In the years that followed, the line-up evolved as Dwyer decided to turn up the energy and appeal to the audience he built with the Coachwhips. After adding new members guitarist Petey Dammit and drummer Mike Shoun and changing the moniker to Thee Oh Sees, the band would release a steady stream of singles and albums including such acclaimed efforts as 2008’s The Master’s Bedroom Is Worth Spending a Night In, Warm Slime and the more pop-minded Castlemania in 2012.
A reputation as an incendiary live act helped further spread the word of the band, as did such propulsive and chaotic releases as Carrion Crawler/The Dream, Putrifiers II and Floating Coffin before the band underwent some major changes. The longtime live quartet line-up went on an indefinite hiatus after a final 2013 late show at the Great American Music Hall prior to the band leader relocating to Los Angeles.
Dwyer recorded Thee Oh Sees’ 2014 album Drop largely on his own with contributions from longtime engineer and collaborator Chris Woodhouse and a few others. He would unveil a new version of Thee Oh Sees featuring bassist Timothy Hellman and drummer Nick Murray that still delivered the kind of chaotic and cathartic onstage mayhem that has become the band’s trademark. Last year, Dwyer brought Dawson back to record Mutilator Defeated At Last for his own Castle Face Records imprint for a deeper exploration of the krautrock sounds the band has touched on with its last few efforts.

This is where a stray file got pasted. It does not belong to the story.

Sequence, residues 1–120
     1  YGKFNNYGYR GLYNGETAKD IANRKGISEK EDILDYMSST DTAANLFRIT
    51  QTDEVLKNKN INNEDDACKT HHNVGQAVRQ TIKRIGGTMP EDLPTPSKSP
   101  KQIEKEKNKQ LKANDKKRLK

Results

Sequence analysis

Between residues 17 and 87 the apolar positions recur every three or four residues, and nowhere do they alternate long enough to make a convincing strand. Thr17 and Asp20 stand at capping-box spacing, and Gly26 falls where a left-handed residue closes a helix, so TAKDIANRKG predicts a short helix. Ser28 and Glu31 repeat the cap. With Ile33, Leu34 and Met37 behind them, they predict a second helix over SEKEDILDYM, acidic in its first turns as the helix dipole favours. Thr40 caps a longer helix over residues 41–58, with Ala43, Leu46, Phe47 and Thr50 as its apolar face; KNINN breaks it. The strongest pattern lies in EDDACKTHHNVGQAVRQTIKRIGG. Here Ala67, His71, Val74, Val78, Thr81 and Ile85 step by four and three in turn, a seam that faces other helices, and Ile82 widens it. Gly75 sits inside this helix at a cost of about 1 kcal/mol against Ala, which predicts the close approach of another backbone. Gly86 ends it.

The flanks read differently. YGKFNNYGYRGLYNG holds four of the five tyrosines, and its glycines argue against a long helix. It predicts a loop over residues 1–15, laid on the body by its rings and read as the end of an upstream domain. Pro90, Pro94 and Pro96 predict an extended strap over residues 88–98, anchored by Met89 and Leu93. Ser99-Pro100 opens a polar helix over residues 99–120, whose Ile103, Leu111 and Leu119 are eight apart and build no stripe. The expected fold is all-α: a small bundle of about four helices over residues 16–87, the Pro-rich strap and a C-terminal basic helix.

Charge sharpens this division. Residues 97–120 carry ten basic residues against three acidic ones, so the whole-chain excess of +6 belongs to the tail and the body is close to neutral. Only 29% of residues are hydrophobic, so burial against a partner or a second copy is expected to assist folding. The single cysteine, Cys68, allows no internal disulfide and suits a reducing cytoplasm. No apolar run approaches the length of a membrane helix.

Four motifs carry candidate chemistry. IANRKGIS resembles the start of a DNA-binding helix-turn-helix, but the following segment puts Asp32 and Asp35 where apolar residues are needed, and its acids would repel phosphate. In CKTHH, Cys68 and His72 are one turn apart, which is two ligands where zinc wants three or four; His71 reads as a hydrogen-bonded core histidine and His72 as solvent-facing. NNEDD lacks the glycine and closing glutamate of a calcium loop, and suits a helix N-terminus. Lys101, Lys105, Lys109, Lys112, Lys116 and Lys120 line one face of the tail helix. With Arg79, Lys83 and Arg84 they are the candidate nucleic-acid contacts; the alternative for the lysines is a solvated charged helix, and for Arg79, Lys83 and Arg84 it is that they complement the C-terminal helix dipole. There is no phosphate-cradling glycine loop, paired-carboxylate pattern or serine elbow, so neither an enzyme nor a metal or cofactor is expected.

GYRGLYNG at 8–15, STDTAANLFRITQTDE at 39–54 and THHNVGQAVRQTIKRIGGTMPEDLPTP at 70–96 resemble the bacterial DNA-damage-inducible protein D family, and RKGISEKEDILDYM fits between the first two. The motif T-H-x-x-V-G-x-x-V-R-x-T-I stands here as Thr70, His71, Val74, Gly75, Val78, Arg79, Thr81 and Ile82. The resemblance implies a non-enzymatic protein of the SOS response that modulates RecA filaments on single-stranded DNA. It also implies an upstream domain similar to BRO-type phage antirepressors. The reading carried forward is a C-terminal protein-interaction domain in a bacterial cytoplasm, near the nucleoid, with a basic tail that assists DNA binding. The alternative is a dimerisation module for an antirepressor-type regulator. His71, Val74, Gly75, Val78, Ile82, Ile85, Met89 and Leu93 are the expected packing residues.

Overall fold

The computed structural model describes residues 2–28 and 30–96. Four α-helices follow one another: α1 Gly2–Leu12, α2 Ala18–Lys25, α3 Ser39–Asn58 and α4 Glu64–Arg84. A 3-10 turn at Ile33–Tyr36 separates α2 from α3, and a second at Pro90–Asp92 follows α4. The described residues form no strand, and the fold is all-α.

Dwyer later emerged with another line-up with Hellman featuring two drummers (Ryan Moutinho and Dan Rincon) to tour extensively and track the explosive in-concert document Live In San Francisco recorded during a sold-out three-night July residency at the Chapel that last summer. That version of the band made it’s studio debut on the equally acclaimed A Weird Exits (and the mellower instrumental companion piece An Odd Entrances). While the departure of Rincon stripped the band back to a trio for a time, drummer Paul Quattrone (of the bands !!! and Modey Lemon) has since joined the group. Earlier this month, Dwyer announced he was shortening the band’s name to simply Oh Sees and releasing their next album Orcs this August.